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Use of REP- and ERIC-PCR to reveal genetic heterogeneity of Vibrio cholerae from edible ice in Jakarta, Indonesia

Diana E Waturangi1*, Ignasius Joanito1, Yogiara Yogi1 and Sabu Thomas2

Author Affiliations

1 Faculty of Biotechnology, Atma Jaya Catholic University of Indonesia, Jalan Jenderal Sudirman 51, Jakarta 12930, Indonesia

2 Cholera and Environmental Biology Lab, Rajiv Gandhi Centre for Biotechnology (Dept. of Biotechnology, Govt. of India), Trivandrum-695 014, Kerala, India

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Gut Pathogens 2012, 4:2  doi:10.1186/1757-4749-4-2

The electronic version of this article is the complete one and can be found online at: http://www.gutpathogens.com/content/4/1/2


Received:14 February 2012
Accepted:15 March 2012
Published:15 March 2012

© 2012 Waturangi et al; licensee BioMed Central Ltd.

This is an Open Access article distributed under the terms of the Creative Commons Attribution License (http://creativecommons.org/licenses/by/2.0), which permits unrestricted use, distribution, and reproduction in any medium, provided the original work is properly cited.

Abstract

Background

Vibrio cholerae is the causative organism of waterborne disease, cholera. V. cholerae has caused many epidemics and pandemics of cholera for many years. In this study, V. cholerae recovered from edible ice were investigated for their genetic diversity using Enterobacterial Repetitive Intergenic Consensus (ERIC) PCR and Repetitive Extragenic Palindromic (REP) PCR. Isolation was done using selective medium and the presumptive isolates were confirmed through biochemical and serological assays.

Results

Seventy-five isolates of V. cholerae were recovered from ice samples collected from different locations of Jakarta. Specifically, 19 of them were identified as O1 serotype, 16 were Ogawa, 3 isolates were Inaba and the remaining isolates were non-O1. The fingerprinting profiles of V.cholerae isolated from ice samples were very diverse.

Conclusion

This result showed that the ERIC sequence is more informative and discriminative than REP sequence for analysis of V. cholerae diversity.

Keywords:
Vibrio cholerae; ERIC-PCR; REP-PCR; Edible ice

Background

Cholera is characterized by severe watery diarrhea caused by toxigenic Vibrio cholerae, which colonizes the small intestine and produces an enterotoxin, the cholera toxin (CT).

V. cholerae is classified on the basis of somatic antigens (O) into serovars or serogroups, and there are at least 200 known serogroup. Two serogroups, O1 and O139, have been associated with epidemic disease [1]. Serogroup O1 thought to include all the strains responsible for epidemic and endemic cholera; it has two major serotypes, Ogawa and Inaba. Each of those serotypes can be further divided into two biotypes, classical and El Tor, based on biochemical properties and susceptibility to bacteriophages. Serogroup O139 appears to be a hybrid of O1 strains and non-O1 strains. However, this organism does not produce O1 LPS and lacks at least some of the genetic material necessary for production of O1 antigen [2].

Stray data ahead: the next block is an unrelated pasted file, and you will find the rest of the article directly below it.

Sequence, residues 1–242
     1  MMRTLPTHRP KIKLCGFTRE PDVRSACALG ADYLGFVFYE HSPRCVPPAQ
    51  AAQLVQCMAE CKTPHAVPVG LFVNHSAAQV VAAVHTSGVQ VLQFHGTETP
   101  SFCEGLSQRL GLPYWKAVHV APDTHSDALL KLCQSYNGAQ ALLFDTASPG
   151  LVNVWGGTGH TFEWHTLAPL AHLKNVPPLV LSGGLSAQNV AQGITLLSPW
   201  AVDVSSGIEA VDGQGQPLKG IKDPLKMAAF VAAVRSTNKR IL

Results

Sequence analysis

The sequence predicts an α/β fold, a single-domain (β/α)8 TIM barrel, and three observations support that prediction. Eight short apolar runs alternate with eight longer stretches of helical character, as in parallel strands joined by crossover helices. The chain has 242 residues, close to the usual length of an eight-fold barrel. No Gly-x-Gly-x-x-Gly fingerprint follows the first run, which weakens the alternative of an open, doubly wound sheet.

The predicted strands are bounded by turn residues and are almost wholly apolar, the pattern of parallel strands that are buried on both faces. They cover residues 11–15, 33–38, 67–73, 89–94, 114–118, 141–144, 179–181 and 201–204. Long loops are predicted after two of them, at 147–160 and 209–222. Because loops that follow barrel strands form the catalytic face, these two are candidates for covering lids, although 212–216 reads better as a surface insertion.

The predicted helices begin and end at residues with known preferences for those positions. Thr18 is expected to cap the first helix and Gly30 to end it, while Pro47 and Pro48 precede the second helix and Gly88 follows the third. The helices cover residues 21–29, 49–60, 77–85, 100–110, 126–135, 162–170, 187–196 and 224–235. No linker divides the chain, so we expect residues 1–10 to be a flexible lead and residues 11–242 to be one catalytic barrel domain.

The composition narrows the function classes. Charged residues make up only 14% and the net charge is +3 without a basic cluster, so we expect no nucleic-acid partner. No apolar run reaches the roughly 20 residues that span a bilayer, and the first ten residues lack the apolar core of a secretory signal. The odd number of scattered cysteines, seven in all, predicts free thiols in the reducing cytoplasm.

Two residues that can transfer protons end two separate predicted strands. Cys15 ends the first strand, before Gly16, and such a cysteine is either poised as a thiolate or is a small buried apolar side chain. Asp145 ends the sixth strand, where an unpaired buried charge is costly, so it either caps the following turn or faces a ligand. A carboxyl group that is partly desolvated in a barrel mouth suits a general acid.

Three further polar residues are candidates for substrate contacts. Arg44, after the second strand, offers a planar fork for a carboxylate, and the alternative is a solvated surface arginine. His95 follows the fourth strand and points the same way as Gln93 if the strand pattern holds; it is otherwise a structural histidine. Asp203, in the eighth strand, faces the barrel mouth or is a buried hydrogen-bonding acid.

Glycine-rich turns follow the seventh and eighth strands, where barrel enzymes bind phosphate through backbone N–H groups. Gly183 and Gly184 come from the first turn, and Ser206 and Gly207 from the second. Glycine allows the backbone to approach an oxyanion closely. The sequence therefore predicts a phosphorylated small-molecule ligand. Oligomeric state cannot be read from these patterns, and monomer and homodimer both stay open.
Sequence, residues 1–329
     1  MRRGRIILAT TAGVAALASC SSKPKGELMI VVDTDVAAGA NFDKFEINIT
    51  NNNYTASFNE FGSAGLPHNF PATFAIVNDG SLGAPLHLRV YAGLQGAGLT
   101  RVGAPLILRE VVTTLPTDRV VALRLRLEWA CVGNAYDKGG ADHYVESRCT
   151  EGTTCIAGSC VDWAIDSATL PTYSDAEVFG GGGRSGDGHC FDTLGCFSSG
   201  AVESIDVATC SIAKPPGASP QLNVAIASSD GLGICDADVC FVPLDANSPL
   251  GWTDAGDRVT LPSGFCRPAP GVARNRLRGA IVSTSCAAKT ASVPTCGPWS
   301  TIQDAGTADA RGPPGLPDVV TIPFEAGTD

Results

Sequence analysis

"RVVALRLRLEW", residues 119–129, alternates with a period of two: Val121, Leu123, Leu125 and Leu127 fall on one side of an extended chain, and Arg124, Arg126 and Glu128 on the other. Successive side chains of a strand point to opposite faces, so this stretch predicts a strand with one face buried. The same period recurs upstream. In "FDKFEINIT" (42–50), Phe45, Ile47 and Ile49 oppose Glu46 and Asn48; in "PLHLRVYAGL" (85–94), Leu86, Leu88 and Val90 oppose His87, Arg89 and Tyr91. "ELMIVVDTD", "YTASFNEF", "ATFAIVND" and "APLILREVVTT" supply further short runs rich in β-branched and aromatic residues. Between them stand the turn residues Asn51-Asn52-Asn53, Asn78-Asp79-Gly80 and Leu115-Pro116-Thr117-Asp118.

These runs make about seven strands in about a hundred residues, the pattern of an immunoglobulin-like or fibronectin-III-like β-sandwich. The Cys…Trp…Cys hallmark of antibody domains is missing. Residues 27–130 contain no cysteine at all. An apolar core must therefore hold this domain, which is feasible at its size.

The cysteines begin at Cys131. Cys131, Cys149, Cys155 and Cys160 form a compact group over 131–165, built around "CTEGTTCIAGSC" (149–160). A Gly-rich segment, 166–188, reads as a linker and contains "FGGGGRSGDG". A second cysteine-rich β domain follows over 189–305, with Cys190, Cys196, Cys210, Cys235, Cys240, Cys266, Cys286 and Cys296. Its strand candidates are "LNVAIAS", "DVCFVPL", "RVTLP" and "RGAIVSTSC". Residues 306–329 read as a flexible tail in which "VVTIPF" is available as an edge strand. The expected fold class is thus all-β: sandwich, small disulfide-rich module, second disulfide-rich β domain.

In Indonesia, a total of 17 episodes of epidemic diarrheal disease were investigated from 1993 to 1999 and were found to be caused by V. cholerae O1 [3]. According to WHO report [4], there was a sharp increase in the number of cholera cases. A total of 131943 cases, including 2272 deaths, reported from 52 countries. Overall, this represents a 30% increase compared with the number of cases reported in 2004.

In Indonesia edible are often used in street food and are consumed almost every day. Although it is so commonly consumed, it may not be prepared properly. We suspect that it may be a major important concern and we conducted a study on the genetic diversity of V.cholerae isolated from this possible source of contagion.

The initial analysis of Repetitive Extragenic Palindromic (REP) sequences in E. coli showed that this sequence was frequently present in complex clusters of several copies. These clusters are present and transcribed in about 25% of transcription units and may account for as much as 1% of the total genome. The REP element has been shown to be located between genes within an operon or at the end of an operon, and in operons distributed throughout the E. coli genome [5].

From the analysis of DNA sequence databases, Enterobacterial Repetitive Intergenic Consensus (ERIC) sequence is found to be approximately 126 bp in length. Like the REP sequence, the ERIC sequence repeat includes a conserved inverted repeat [6] and is located in non-coding transcribed regions of the chromosome, in either orientation with respect to transcription.

ERIC-PCR has been chosen for intraspecies profiling to several bacteria, for instance Bacillus anthracis and Bacillus cereus [7], Enterobacter sakazakii [8], Lactobacillus [9], Listeria monocytogenes [10], Salmonella enteritidis [11,12]. According to [7] ERIC-PCR typing can provide more discriminative DNA patterns of Bacillus anthracis and Bacillus cereus strains. Comparison of ITS profiling, REP- and ERIC-PCR of Salmonella enteritidis showed that ERIC-PCR can give high discriminatory index [12]. On the other hand, ERIC-PCR was able to show species specific band that pulsed field gel electropheresis could not show it [9]. Those comparisons has revealed that ERIC-PCR is a powerful techniques and informative for intraspecies profiling.